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  • Writer's pictureYvonne Darby

A Legacy of Generosity

One of the concerns that we hear from clients often is that they want to make sure their children will be responsible with the money they inherit. In the book Complete Family Wealth – Wealth as Well-Being, the authors address this issue by encouraging parents to help your children individuate, understand the importance of work, and find their own purpose so that the money they inherit becomes integrated into their established values and not something that detracts from it. Often, an important part of this character formation involves the practice of generosity.

There are many benefits to generosity. Individuals who volunteer throughout their lifetime typically live longer and have better psychological well-being. It can reduce stress, combat depression, keep you mentally stimulated, and provide a sense of purpose. This is of course in addition to what we hope to be altruistic motivations in their efforts to give back to the marginalized in their communities. [i]

We hope that our kids are generous and that they will carry on a legacy of being charitably minded, but where we do well in setting the example for them, we may fail to invite them into the process. “According to a study in the Journal of Adolescence, adolescents were 18% more likely to donate money to a charitable organization if their parents had made any donation of their own in the past year. On the other hand, if a parent donated and talked about it, the child was 33% more likely to donate – an increase of 15 percentage points.” [ii]

In the past, donors have made their largest contributions to charity in their wills, private foundations, or charitable trusts upon their passing. However, in recent years, there’s been a shift to “giving while living.” Donors want to be personally involved and witness the change they seek. Many are motivated by the urgency of today’s challenges and hope to see for themselves the impact they are making. [iii]

Here are some ways that we can invite our families into our Legacy of “Giving While Living”:

1. Start the Conversation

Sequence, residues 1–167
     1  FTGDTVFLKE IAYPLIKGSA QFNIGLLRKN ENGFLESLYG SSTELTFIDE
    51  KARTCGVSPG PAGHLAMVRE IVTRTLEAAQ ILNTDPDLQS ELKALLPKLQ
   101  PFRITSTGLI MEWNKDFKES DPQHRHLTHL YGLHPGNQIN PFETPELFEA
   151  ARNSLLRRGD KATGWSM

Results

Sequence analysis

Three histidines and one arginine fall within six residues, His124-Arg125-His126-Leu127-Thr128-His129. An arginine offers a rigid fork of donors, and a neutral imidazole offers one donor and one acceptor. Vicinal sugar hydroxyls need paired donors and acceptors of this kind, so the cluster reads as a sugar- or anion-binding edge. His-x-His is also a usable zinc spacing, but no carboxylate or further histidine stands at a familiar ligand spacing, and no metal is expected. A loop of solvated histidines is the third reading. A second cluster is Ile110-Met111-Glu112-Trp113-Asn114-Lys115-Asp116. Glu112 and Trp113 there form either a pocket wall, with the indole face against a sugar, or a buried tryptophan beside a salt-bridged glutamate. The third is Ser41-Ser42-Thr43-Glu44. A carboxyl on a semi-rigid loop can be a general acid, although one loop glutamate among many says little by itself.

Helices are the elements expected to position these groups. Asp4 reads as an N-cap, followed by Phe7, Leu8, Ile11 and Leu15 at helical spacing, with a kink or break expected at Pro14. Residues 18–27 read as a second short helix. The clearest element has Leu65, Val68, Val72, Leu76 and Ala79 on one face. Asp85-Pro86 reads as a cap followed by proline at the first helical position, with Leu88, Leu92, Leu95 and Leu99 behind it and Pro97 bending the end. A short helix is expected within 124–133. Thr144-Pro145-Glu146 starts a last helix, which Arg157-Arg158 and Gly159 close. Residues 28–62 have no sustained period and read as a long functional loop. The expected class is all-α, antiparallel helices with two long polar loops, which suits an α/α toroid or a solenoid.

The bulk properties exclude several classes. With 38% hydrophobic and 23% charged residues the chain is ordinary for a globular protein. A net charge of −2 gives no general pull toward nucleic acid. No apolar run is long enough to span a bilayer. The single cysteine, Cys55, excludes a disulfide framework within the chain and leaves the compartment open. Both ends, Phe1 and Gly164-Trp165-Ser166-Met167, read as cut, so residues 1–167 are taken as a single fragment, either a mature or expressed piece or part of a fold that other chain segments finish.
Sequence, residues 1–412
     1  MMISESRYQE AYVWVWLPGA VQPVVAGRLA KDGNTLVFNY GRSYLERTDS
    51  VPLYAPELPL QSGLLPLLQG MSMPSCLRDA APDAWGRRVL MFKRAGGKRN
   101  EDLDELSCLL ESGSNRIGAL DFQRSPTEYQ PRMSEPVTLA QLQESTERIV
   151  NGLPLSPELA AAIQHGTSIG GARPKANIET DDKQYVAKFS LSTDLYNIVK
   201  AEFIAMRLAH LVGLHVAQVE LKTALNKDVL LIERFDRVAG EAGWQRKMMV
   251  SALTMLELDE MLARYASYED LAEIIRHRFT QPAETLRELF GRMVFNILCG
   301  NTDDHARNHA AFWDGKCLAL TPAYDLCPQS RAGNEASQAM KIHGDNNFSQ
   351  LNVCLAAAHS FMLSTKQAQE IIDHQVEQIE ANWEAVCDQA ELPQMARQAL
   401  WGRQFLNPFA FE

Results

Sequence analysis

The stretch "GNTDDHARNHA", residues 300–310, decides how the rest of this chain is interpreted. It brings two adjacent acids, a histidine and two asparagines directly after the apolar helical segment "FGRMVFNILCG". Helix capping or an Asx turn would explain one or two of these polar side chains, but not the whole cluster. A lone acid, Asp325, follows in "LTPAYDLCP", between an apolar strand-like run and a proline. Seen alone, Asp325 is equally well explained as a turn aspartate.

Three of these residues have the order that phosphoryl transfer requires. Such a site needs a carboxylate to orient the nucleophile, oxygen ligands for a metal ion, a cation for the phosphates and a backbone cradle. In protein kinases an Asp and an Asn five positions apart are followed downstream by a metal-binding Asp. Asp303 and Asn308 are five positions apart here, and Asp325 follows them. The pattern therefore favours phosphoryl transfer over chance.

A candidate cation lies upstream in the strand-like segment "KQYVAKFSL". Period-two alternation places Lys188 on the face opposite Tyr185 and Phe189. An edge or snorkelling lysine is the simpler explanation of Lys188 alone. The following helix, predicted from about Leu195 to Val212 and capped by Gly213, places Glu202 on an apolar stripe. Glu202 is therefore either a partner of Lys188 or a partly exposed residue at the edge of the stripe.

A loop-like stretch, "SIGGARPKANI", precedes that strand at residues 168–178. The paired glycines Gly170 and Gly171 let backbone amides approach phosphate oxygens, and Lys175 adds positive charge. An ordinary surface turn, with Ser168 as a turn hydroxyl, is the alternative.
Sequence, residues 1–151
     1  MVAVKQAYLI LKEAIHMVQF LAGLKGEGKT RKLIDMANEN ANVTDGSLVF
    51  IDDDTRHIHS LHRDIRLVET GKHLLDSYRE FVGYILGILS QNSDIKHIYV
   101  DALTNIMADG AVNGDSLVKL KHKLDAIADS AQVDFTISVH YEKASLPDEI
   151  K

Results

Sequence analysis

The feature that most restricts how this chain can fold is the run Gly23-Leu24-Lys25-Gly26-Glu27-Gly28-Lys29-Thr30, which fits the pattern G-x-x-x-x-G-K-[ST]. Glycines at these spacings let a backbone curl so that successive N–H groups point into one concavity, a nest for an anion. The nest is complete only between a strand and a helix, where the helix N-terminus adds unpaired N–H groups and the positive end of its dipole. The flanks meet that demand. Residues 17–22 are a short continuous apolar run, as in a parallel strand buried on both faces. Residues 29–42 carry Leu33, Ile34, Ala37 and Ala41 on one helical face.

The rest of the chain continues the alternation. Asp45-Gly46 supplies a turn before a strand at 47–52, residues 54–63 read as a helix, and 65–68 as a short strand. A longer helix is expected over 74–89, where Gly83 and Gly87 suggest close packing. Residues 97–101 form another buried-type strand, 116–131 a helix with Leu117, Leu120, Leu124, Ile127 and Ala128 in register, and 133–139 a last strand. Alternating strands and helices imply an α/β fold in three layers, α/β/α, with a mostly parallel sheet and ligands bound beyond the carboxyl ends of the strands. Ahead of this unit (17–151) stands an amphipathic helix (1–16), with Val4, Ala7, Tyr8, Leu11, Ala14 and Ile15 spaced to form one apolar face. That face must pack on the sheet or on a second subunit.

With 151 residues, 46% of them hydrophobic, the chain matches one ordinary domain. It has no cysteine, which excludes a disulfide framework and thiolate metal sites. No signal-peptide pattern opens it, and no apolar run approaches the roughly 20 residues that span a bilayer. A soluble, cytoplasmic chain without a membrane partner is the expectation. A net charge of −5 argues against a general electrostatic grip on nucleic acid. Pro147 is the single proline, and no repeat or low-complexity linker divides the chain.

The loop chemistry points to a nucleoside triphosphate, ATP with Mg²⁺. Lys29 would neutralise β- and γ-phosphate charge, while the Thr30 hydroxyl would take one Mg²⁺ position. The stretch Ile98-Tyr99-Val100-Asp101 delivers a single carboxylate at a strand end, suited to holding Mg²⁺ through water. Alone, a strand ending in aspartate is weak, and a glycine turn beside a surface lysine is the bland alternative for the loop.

You can start by having meaningful conversations about the importance of philanthropy with your children and grandchildren. Specifically share why generosity is important to you, what specific causes are near to your heart, and how you have been involved over your lifetime. Then invite your children and grandchildren to share their perspectives on those 3 areas. 2. Volunteer Together

This is great way to spend time together, to create memories, and start to establish the building blocks of a family that gives. Find a cause that everyone is passionate about or allow each person to choose a cause they care about and invite the family to volunteer for those causes over the year.

3. Open a DAF for the Family Open a family Donor-Advised-Fund and establish an annual giving goal. Divide that amount by each family member and allow them to write grants to charities of their choice over the year. At the end of the year, present where you gave, why that organization is important to you, how you were involved during the year, and the impact that the organization had on the community. This approach will help you to avoid burdening future generations with interpreting your own philanthropic plans. Instead, if children and grandchildren have different interests, you want your heirs to shape their own philanthropic plans. This truly is the heart of a Legacy of Generosity, helping the next generation be passionate about giving back as much as you are. Here’s more information on opening your own family DAF. [iv]

If you’re looking to give back in our own backyard, Matthew Davis and I had the opportunity to tour James Storehouse [iv] down the street in Newbury Park. James Storehouse supports children in foster care, youth aging out of foster care, children who have been commercially sexually exploited, children “at-risk” of removal, and all their caregiving families. A few of their initiates are providing a boutique where foster children can “shop” for a week’s worth of clothing when they are first displaced, a free food pantry, providing furniture to foster families and parents who are getting back on their feet to welcome their kids home again, hosting parenting classes, mentoring aged out foster youth, offering free-of-charge counseling services, and so much more. You can find out more ways to volunteer and support through their website:

If we can be of any support as you’re starting to intentionally build a legacy of generosity in your own family, please don’t hesitate to reach out.



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